It would be difficult to overstate the importance of this long-term policy failure. Brazil would have European living standards today, instead of 42 million people living on less than three dollars a day, if it had continued to grow at its pre-1980 rate. So would Mexico, and there would very few Mexicans interested in coming to the United States to look for work.

Now we have finally had a decade of better growth in Latin America, although it has not caught up with its pre-1980 growth. For the decade 2000-2010, per capita GDP in the Latin American and Caribbean region grew by an average of 1.9 percent annually, as compared with 0.3 percent for 1980 to 2000, and 3.3 percent for 1960-1980.

Some of this renewed growth is a result of the world economy, which – except for the world recession of 2009 – grew faster in the past decade. But some is the result of better policies. Argentina, for example, had a disastrous recession from 1998-2002, after becoming the “poster child” of neo-liberal reforms, and suffered through a number of IMF agreements. But in 2002, the government sent the IMF packing, defaulted on its foreign debt, and adopted a number of heterodox macroeconomic policies opposed by most of the economic establishment. The economy shrank for just one quarter after the default, devaluation, and collapse of the banking system – then grew a remarkable 63 percent over the next six years.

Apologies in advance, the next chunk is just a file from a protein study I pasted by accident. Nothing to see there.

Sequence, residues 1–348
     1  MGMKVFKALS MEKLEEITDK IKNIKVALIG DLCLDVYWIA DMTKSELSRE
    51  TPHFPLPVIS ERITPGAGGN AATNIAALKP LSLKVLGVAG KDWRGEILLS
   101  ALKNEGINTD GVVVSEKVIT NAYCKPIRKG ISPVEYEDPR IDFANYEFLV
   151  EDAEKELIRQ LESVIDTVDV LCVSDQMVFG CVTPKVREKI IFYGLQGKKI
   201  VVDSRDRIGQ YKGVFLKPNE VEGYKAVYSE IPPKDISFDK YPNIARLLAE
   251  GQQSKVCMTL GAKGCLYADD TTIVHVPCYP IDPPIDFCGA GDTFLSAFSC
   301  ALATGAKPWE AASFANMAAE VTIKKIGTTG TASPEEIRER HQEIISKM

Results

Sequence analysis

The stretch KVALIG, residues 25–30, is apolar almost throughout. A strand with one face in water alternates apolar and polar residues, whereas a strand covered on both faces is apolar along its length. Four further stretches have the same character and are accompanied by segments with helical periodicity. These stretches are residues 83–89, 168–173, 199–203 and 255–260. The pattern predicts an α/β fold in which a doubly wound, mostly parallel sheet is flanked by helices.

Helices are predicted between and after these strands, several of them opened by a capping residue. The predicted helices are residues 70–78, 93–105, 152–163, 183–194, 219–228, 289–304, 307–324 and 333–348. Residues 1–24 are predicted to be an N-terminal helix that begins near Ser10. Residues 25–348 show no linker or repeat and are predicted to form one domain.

There are other less dramatic examples of policy changes that led to increased growth – Bolivia, Ecuador, and Venezuela, for example, have all benefited from increased national control over their hydrocarbon resources. Brazil has in the last few years begun to increase its public investment.

The United States government has reacted badly to these changes in government and policy. In extreme cases it has supported coups against democratically elected governments (Venezuela 2002, Haiti 2004) or supported coup governments (Honduras 2009). These policies have failed in their efforts to drive a wedge between what Washington considers “tolerable” left governments and “bad” ones – on the contrary, the region is more united than it has ever been, and is currently forming a new hemispheric organization excluding the U.S. and Canada.

Unfortunately the U.S. Congress, which in the past had served as a check on the interventions of the executive branch in Latin America, has in recent years often taken even more aggressive foreign policy postures than the executive.

These policies are wrong and will only produce more blowback. The United States should accept that Latin America has embarked on a new, more economically successful and politically independent course, and respect the sovereignty of the region and the individual countries.